That said, Ben Kuchera, the man in charge over at the Penny Arcade Report, makes some good points about the way the media interacts with game developers. Let’s rewind; Mr. Kuchera’s article, Sexism as inclusion, racism as criticism: why the press and developers have trouble communicating, is about two developers saying sexist and racist things. In his article he talks about the potential conversations we missed by over sensationalizing recent controversies, specifically the comments made by John Heming way and Alex Hutchinson.

Monday, August 13, 2012

Meager Means Minefield: Game Dev Story


Have you ever wondered how videogames are made? Well, let me tell you. First; assemble a team of game writers, a sound designer or two, a bear, a mysterious masked man and a coder if you really feel like it. Second; give each person a computer and an energy drink. Third; members of your development will catch on fire and pound on their keyboards while little numbers appear above their heads. And that’s where videogames come from.

Monday, August 6, 2012

More Marvels of Geekery

The internet is truly amazing place; it connects us, informs us and allows us to engage in a global community. It's a place for business, philanthropy and entertainment. It is truly phenomenal, a place where one can find, and buy, true marvels of geekery. And now: panties.




Your Path is Blocked by Snorlax Underwear
Snorlax just gets in the damn way.

Friday, August 3, 2012

Super Mario: How Nintendo Conquered America. A Book Review


Digital Punch and Pie is not exactly the best place to come for book a review; the main reason being that I am hardly literate. Another big motive for me not to review books here is that they are, by definition, not videogames. Along those same lines, the written word has only recently been made digital and tends to have little to do with digital punch and/or pie. While I like to read (I love me some Italo Calvino), books aren’t my area of expertise, but I’m going out on a limb and reviewing Jeff Ryan’s SuperMario: How Nintendo Conquered America.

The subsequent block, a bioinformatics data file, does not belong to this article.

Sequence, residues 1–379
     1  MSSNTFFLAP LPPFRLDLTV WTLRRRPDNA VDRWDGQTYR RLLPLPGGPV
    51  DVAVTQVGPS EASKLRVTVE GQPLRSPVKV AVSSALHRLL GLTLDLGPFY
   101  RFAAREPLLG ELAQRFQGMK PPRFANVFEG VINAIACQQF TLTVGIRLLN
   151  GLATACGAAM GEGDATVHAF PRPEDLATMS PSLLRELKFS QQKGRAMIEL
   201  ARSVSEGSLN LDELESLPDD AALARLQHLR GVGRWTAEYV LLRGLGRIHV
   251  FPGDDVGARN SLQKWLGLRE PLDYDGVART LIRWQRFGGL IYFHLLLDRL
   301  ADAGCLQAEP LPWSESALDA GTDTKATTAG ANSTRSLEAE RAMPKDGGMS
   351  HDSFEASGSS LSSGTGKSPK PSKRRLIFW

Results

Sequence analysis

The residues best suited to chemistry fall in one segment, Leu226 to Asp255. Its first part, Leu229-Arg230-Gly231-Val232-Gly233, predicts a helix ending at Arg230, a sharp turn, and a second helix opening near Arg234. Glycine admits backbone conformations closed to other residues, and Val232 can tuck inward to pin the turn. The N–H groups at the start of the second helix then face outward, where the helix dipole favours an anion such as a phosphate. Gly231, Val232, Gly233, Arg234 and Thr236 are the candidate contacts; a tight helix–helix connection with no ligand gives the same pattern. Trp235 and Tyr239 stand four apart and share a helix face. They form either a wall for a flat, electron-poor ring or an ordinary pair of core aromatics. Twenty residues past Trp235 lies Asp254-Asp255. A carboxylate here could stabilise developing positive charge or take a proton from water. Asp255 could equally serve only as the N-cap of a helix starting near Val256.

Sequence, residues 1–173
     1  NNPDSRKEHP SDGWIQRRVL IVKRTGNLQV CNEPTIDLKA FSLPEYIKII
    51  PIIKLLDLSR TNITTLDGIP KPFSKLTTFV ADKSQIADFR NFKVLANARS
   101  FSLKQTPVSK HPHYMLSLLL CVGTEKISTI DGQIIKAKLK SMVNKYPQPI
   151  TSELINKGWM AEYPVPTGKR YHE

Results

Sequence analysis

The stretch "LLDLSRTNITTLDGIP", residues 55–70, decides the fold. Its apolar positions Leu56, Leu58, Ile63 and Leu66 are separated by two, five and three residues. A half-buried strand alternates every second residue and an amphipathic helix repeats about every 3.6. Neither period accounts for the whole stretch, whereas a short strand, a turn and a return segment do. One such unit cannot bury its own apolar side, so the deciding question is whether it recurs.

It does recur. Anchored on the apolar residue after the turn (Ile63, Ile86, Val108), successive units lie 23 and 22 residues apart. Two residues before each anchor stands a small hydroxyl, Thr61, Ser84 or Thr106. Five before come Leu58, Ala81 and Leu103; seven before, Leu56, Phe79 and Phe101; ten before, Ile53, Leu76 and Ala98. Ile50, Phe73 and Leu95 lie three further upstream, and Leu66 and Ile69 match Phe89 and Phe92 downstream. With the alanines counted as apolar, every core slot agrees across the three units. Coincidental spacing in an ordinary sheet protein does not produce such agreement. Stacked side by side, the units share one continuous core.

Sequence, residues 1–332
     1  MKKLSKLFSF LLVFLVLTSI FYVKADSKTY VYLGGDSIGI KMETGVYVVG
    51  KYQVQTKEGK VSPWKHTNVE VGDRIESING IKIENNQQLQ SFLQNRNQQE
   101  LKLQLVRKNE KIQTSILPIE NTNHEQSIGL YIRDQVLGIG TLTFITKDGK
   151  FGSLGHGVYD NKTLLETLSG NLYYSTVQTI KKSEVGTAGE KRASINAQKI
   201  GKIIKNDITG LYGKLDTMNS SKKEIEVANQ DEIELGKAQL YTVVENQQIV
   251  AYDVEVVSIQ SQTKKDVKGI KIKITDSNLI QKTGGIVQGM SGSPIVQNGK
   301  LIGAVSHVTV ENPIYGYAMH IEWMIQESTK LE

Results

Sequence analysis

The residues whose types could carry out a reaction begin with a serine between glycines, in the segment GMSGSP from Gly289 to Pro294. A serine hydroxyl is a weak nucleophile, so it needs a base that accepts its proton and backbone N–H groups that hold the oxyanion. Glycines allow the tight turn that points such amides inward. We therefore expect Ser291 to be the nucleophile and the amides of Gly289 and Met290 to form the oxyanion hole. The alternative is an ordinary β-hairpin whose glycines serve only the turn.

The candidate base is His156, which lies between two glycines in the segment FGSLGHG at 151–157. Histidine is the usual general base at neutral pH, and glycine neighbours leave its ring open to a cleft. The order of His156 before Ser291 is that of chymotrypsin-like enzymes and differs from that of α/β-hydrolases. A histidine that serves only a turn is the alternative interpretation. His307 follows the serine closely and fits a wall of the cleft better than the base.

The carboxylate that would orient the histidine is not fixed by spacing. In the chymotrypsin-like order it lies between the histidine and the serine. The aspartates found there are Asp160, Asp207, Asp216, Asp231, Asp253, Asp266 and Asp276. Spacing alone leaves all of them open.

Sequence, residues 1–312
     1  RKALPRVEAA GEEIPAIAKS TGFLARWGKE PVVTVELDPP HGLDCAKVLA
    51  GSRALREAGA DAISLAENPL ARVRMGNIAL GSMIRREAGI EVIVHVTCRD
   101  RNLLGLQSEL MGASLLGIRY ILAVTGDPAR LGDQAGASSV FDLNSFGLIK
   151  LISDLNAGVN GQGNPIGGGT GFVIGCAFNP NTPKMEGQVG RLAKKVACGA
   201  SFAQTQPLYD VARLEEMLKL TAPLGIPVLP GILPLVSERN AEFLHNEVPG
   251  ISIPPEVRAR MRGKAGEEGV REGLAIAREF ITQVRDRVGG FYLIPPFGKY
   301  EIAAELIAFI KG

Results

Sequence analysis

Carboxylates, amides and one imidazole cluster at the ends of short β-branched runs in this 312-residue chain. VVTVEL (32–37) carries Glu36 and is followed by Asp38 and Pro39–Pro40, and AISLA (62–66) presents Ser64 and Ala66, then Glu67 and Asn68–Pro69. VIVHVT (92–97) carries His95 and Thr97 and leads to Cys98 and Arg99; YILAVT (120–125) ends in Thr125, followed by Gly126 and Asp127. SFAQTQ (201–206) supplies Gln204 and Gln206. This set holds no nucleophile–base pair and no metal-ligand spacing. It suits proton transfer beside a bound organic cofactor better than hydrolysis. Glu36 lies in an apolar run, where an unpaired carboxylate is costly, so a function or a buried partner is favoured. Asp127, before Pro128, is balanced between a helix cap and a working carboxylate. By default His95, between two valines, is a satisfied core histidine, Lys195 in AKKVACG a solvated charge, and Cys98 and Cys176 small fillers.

In his 2011 book, Jeff Ryan takes a closer look at the past of a fat Italian plumber and the company behind him. He examines the rise of the videogame industry, the rebirth of Nintendo as a game company, introduces us to Mario’s fabled creator Shigeru Miyamoto and guides us through the history of one of the largest companies in Japan. While chronicling Mario’s rise in the western world, he maintains a fun, pop-cultured fueled tone.

Tuesday, July 31, 2012

Star Wars: The Old Republic will be 'Free to Play'

For anyone who has spent any time playing Bioware's MMO, and has seen the declining in-game populations and server mergers, the news that Star Wars: the Old Republic will be going 'free to play' this fall comes as no surprise. People have predicted that Bioware would drop the subscription fee since the first few weeks of the games release.

Over the past few months, the MMO has been hemorrhaging  players, dealing with near empty servers and Bioware's SWTOR studio has had massive lay offs. The game has not be doing as well as expected, there's no question about that. What's up for debate is whether or not going to the 'free to play model' will help.